About cancer stem cells
Understanding cancer stem cells offers the potential to transform the way we tackle this disease, giving us the knowledge to investigate novel and targeted cancer therapies.
Our knowledge of cancer stem cells has grown rapidly since the launch of the European Cancer Stem Cell Research Institute. Here we hope to answer some of your questions that relate to cancer stem cells.
Types of stem cells
Stem cells are cells that are required for the maintenance of healthy tissue, especially in tissues where cells continually need to be replaced.
They are undifferentiated cells, meaning that they are aren’t specialised like a skin cell or a liver cell. Stem cells can slowly self-renew and divide to produce an average of one stem cell and one new cell, known as a transit-amplifying or progenitor cell. This progenitor cell can then differentiate to form the functioning cells for specific tissue types.
This differentiation process is guided by signals controlled by the genes within the cell, as well as signals secreted from other cells surrounding it.
Embryonic stem cells
Embryonic stem cells and stem cells in adults differ in the number of cell types they can form. An embryonic stem cell has the ability to change itself into every one of the several hundred different types of cells that make up the human body. These cells, which form the early stage embryo were discovered by Cardiff University President Professor Sir Martin Evans, Mario R. Capecchi, and Oliver Smith in 2007.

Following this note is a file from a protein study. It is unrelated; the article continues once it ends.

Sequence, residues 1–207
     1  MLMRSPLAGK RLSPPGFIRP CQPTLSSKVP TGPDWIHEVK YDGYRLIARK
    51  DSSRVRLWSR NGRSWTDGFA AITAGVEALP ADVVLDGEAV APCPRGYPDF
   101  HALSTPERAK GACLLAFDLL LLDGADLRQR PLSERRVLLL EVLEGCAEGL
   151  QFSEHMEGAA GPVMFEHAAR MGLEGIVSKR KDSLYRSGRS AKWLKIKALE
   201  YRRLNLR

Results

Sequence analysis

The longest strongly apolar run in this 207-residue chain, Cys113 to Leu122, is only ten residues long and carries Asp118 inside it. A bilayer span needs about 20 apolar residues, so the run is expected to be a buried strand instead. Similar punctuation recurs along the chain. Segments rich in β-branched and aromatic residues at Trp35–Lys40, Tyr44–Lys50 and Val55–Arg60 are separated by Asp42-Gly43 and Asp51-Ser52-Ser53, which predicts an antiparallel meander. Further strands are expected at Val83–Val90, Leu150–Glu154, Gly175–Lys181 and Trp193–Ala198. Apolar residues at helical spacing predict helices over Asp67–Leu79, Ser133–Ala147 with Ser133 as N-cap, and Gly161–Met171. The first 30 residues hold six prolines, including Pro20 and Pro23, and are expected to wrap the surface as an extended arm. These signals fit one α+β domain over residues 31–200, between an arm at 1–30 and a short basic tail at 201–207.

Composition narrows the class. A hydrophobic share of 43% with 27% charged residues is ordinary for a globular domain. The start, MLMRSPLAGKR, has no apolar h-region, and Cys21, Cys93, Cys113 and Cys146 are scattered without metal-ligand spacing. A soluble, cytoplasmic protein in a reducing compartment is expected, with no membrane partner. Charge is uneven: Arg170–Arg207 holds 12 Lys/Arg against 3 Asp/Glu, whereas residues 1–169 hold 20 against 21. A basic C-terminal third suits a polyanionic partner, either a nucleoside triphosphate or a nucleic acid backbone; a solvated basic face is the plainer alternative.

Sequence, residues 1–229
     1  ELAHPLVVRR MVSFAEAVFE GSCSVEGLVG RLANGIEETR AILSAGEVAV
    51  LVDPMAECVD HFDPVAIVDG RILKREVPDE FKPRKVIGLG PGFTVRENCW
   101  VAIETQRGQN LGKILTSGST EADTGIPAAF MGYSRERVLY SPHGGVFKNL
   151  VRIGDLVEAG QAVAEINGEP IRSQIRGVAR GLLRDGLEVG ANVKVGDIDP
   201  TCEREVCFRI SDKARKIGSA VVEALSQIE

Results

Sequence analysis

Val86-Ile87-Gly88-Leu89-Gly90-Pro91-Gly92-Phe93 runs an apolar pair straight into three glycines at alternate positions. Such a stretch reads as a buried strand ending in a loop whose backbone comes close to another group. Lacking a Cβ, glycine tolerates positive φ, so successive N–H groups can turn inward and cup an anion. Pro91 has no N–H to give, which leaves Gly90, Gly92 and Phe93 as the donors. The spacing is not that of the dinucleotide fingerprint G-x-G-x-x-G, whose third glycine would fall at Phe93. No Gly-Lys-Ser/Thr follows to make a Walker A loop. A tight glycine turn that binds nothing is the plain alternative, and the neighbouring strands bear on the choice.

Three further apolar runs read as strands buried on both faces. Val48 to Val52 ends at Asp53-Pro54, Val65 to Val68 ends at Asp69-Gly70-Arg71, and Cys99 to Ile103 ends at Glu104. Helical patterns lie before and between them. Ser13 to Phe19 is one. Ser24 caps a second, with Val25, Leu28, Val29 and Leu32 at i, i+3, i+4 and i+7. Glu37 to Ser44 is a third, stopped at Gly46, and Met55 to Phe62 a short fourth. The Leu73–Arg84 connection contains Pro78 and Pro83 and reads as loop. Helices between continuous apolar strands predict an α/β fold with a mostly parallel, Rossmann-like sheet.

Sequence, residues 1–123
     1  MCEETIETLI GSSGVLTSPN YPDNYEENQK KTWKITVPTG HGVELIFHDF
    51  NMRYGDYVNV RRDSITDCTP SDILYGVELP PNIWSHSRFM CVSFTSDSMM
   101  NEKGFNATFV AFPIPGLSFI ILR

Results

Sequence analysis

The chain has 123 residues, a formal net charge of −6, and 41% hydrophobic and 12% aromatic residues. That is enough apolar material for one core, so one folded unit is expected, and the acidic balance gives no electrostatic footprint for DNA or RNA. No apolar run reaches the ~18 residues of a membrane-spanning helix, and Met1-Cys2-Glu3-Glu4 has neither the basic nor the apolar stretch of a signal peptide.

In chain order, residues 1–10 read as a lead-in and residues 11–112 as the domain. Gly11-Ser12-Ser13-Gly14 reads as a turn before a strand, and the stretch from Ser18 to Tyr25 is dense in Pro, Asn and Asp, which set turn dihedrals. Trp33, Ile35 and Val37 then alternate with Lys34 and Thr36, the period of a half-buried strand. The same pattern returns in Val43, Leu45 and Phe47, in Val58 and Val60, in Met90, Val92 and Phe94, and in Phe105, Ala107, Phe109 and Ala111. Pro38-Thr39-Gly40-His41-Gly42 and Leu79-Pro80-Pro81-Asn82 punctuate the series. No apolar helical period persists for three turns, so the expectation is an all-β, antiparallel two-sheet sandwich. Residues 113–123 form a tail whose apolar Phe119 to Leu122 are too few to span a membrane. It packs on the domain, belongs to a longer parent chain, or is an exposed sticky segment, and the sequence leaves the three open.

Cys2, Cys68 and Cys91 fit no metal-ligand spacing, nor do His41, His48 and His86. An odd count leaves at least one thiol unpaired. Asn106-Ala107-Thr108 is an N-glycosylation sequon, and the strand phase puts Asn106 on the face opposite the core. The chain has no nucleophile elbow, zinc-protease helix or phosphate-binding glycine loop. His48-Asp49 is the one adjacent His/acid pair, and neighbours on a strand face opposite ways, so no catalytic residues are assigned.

Somatic stem cells
An adult stem cell, called a somatic stem cell, has a limited range of cells that it can differentiate into. In many tissues, they serve as internal repair system to replenish cells, as cells are lost through wear and tear, injury or disease.
Induced pluripotent stem cells
Induced Pluripotent Stem Cells are adult stem cells that have been grown in special conditions to reprogramme them in a laboratory, so that they can form a wider range of new cell types.
Cancer stem cells
Cancer stem cells, like all stem cells, are unspecialised and can divide and renew themselves, as well as giving rise to specialised cells.
This type of stem cells represent a small proportion of the types of cell found in a tumour, and can replicate tumour cells, causing tumours to grow and spread. Cancer stem cells are considered resistant to drug and radiotherapy treatments, and therefore can be left behind after the course of cancer treatment comes to an end, allowing the tumour to regrow and spread around the body.
Cancer stem cell research
Cancer stem cells offer a new avenue to treat cancer, if we can understand these cells, we can target them to effectively prevent cancer metastasis and relapse.
Evidence shows that cancer stem cells are crucial in the formation of tumours. Not only can they renew themselves, but they can generate all of the other types of cells that are found in a tumour. If we can treat cancer by eliminating the cancer stem cells in the tumour, we will be able to treat cancer in a specialised and targeted manner.
At the European Cancer Stem Cell Research Institute, we aim to understand the processes of these cells, and beat their mechanisms of drug resistance. Through this, we can develop treatments that target these cancer stem cells, to create more effective cancer therapies.